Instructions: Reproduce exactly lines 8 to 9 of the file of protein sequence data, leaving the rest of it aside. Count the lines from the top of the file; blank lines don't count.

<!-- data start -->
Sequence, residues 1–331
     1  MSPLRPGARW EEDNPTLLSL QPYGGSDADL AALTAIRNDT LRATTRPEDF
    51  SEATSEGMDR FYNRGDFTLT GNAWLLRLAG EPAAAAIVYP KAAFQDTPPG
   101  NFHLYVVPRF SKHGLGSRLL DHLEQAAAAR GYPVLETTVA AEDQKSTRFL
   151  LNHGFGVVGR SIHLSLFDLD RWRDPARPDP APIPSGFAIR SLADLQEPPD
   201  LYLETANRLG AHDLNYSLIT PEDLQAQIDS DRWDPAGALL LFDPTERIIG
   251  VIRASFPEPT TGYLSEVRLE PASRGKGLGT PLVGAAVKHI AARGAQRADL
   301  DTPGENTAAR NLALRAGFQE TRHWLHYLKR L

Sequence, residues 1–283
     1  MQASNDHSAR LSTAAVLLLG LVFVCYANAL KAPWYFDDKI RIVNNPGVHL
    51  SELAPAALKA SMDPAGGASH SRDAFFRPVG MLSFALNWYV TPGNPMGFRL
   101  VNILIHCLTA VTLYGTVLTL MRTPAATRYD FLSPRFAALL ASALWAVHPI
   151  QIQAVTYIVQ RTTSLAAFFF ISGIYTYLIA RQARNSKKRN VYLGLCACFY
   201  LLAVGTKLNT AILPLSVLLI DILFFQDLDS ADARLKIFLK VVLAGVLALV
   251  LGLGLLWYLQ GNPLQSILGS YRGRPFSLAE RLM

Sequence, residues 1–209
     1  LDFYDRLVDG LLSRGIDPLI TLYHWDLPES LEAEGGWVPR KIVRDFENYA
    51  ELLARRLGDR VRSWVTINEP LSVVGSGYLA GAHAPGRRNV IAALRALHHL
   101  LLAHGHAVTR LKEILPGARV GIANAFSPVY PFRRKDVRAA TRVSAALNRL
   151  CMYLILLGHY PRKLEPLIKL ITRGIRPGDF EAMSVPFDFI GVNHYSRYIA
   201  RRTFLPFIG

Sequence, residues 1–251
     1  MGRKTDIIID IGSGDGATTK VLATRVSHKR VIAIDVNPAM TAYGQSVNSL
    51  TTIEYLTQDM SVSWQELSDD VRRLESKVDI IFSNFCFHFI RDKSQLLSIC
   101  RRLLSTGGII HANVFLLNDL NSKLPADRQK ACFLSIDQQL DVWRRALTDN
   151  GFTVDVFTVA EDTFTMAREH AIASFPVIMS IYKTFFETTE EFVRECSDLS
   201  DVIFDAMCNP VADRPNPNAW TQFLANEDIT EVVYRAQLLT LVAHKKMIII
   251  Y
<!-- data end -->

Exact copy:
   301  DTPGENTAAR NLALRAGFQE TRHWLHYLKR L

Sequence, residues 1–283